Interview by Aniruddh 'Andrew' Bansal
Andrew: Bruce how's it going?
Bruce: Great! Everything is good. I'm a busy boy.
Andrew: Your new album BK3 is ready. Tell us a little bit about the recording process.
Bruce: Well to be honest, it took a long time. Some of that was just my schedule you know. I play with Grand Funk Road. We do about 30, 40, sometimes even close to 50 gigs a year and what happens is, in between all that and some of the other work I do, its hard to sometimes be in the studio, finish the song and get the recording going. So its always been a bit of a challenge to schedule everything. But, you know, I didn't care. On this record for me the important thing was always going to be that I get a great record out of it, and I feel like I've accomplished that. I started quite a while ago. I started writing in 2002 into 2003-04, didn't start recording until 2006 and took a total of two years to record and schedule everything. But it was worthwhile and I feel I've accomplished everything that I wanted to with this record.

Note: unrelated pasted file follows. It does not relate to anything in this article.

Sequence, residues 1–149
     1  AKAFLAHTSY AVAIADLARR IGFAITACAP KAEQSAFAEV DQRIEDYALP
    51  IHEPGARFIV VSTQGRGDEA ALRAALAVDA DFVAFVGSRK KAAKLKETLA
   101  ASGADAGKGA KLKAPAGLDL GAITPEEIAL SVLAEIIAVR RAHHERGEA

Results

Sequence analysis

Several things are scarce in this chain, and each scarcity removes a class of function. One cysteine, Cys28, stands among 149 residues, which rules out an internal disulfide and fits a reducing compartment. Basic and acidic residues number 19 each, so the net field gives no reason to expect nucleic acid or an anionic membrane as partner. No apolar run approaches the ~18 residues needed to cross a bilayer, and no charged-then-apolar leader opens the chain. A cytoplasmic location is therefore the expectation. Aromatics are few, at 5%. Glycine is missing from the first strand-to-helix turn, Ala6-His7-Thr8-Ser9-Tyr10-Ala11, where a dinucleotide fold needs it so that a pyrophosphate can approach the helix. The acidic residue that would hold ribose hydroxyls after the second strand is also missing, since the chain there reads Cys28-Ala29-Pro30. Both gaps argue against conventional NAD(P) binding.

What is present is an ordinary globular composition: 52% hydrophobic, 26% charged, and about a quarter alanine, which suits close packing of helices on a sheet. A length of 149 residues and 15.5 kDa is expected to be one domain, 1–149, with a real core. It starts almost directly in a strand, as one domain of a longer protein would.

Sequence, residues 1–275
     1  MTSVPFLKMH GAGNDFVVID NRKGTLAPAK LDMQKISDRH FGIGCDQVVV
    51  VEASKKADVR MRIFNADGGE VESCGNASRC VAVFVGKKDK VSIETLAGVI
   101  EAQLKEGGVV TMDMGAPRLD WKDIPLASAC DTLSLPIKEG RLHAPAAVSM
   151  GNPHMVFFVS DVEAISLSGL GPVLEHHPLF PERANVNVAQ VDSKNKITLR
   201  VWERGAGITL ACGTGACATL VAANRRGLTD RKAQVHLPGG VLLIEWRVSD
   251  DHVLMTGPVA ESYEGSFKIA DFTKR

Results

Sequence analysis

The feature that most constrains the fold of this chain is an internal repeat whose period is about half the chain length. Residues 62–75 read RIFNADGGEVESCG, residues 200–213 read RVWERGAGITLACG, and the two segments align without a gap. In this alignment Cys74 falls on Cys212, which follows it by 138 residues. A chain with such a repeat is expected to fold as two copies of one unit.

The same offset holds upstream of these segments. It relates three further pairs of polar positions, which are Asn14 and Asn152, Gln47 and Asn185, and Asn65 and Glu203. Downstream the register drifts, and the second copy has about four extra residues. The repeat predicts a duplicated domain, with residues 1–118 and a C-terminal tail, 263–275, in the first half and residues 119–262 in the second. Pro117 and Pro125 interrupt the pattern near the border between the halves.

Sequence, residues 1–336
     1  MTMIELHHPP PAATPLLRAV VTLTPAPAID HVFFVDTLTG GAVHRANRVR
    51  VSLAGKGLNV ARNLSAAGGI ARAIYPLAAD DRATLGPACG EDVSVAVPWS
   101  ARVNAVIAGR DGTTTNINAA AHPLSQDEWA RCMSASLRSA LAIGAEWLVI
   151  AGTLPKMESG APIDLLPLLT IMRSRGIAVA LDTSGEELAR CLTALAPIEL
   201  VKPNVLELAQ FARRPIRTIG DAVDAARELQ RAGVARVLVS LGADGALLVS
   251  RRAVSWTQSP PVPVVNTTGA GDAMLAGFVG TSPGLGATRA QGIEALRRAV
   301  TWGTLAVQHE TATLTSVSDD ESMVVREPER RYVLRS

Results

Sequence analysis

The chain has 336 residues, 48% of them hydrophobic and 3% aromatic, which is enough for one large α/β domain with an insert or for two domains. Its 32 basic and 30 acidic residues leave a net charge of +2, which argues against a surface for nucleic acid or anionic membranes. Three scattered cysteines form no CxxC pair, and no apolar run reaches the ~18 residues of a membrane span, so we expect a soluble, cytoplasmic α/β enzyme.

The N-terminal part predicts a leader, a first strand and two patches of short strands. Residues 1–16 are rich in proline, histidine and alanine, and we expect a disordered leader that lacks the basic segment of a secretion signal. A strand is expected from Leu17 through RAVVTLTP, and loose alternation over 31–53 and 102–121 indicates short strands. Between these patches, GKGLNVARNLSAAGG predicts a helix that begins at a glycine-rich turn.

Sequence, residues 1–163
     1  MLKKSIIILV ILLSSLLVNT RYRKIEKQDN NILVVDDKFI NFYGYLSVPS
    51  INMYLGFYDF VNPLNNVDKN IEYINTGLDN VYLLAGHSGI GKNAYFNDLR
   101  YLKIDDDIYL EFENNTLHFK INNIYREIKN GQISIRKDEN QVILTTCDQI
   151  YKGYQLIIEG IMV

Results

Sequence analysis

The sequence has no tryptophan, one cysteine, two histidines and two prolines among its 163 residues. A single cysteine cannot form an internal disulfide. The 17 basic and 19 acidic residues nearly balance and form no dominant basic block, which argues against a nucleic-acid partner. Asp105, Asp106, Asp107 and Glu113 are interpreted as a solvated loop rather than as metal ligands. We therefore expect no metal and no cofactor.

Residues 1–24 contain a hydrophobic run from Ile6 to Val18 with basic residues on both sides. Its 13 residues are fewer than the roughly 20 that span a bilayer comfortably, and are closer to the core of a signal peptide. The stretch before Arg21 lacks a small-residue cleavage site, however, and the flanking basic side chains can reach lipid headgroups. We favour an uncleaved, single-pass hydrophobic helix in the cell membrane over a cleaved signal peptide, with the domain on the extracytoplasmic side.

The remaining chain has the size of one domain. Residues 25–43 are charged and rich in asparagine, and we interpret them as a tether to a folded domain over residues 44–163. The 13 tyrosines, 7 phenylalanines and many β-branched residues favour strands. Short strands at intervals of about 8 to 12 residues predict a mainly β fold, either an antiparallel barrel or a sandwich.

Andrew: Was your schedule the only reason for the long gap since your last release seven years back?
Bruce: Schedule is one thing, but the other part that was really important to me was that I was going to make a record with really no compromise. That means sometimes doing things more than once, looking things over, retrying and sometimes throwing it out and start all over again. That's what this was all about. I definitely wanted to make a record. My producer really pushed me and the idea was always to have an album that was going to be totally no compromise when it came to quality and the intention of us making a record that's strong. My favorite KISS album is Revenge and that's what I wanted to do, make a record as strong as that, the best I could. Jeremy and I really feel like we've accomplished that. It was hard work to do it.
Andrew: There is an instrumental track on BK3 featuring Steve Lukather. How did that come about and how long did it take to lay down that track?